Tuesday, 14 June 2011

Dear diary

It’s recommended when training for a marathon or anything that seems to take up most of your year, to keep a training diary. I love notebooks and so I have several diaries. Some of them I even write in. Rarely about my runs, instead I scribble 15 versions of training plans, nice quotes, shopping lists of things I want to buy or things I have eaten.

I wish I had kept training diaries 1) because they are great for when you get Alzheimers 2) they are great for when you want to record what things you have attributed to a drop or gain in performance 3) they are useful for reminding yourself of everything you have done to get to the start line and tell yourself that you have put in the miles. Oh well.

I do have some scribbled notes from breaking in trainers, recovery runs or start of season. They are hilarious because they seem to be longer in word count than they are in time spent running. In fact long runs rarely feature in my training diary; just the short whiny ones. They also feature cryptic elements which would not look out of place in a Dan Brown novel (eg mysterious and badly written).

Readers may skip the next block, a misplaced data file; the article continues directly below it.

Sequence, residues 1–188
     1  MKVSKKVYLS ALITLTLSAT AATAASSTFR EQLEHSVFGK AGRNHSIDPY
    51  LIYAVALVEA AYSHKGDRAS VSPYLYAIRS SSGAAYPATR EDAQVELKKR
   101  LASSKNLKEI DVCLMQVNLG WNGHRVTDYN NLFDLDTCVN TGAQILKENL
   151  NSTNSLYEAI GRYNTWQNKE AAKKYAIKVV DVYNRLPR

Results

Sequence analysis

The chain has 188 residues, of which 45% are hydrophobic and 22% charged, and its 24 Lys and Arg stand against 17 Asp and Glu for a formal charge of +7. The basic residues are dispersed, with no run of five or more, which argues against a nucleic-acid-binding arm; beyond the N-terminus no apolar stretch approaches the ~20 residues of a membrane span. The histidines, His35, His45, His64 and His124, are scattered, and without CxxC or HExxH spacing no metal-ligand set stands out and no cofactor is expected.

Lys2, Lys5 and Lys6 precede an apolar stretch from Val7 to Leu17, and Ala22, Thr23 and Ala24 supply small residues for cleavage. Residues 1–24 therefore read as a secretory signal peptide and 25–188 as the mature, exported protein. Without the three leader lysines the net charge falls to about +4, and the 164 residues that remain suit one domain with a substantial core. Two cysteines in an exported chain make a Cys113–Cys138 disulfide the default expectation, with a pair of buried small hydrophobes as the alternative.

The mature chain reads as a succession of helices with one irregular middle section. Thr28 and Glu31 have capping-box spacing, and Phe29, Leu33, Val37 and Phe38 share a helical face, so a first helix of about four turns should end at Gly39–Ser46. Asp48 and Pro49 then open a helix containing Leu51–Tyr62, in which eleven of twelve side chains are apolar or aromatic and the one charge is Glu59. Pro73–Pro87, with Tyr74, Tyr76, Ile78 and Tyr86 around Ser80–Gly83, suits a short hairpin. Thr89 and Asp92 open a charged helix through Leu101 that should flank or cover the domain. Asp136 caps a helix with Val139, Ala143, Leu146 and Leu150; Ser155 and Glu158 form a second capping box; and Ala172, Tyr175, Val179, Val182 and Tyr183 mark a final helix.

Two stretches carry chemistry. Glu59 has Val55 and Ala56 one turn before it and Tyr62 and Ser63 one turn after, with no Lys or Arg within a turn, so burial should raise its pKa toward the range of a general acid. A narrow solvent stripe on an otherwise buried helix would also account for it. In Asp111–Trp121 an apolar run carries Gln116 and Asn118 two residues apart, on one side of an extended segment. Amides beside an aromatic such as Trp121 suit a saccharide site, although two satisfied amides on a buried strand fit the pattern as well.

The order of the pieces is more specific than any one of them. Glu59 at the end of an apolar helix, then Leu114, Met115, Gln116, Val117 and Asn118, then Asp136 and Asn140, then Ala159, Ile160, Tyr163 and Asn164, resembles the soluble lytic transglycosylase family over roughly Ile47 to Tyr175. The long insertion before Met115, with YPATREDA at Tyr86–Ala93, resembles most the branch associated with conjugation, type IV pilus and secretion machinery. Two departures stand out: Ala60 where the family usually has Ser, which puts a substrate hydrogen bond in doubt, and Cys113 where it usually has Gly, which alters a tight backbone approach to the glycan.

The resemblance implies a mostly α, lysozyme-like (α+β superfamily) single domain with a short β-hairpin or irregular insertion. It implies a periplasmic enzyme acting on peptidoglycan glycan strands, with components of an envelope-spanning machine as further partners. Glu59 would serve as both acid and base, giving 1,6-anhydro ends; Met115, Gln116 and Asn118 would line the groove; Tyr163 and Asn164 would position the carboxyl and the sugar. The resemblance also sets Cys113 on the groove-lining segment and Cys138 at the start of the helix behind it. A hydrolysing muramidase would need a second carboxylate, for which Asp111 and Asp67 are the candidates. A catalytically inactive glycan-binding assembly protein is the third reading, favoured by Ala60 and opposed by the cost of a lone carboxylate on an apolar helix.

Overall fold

For example:

“Right quad very tight. Ran to Chatsworth Rd at treadmill speed. Back at run speed. Negative split [obviously]. Right foot pins and needles. Very tight calves feel awesome. [what?]” and this goes on for paragraphs for a 3km run.

In contrast a 20 mile run says “17 and around [no idea]. Hard energy. [pardon] short start very difficult. [nope no idea] sore knees. Cry at flyover.” And that was the full entry. The only thing that made sense was the crying on the flyover; I had a stomach upset the day before and desperately needed more food.

Sometimes there are stoic entries. I don’t know if they are written with false or real bravado.

“5km Toyota dealership pins and needles so far on forefoot. Tippy tappy. [this refers to a little Chris McDouggall line in Born to Run]. All ok. Calves tight but on form. [I didn’t even realise I was capable of form but in my diary it appears so]. After turnaround on hill [half way point] checked foot for friction [I had felt some serious rubbing going on]. Blister on left arch [an understatement, I had a £2 coin worth of skin turned pink and bubbly] Vaselined. On last 5km ran with one sock off. Great run, could have pushed harder but eased off from 6km to the end.”

It’s true, I did run with one sock off and actually ran the last 400m with one a bare foot which led to some strange gait as I still had my trainer on the other foot. Anyway, wasn’t I glad that little entry was recorded in the training diary; it makes up for all the entries where I was crying!

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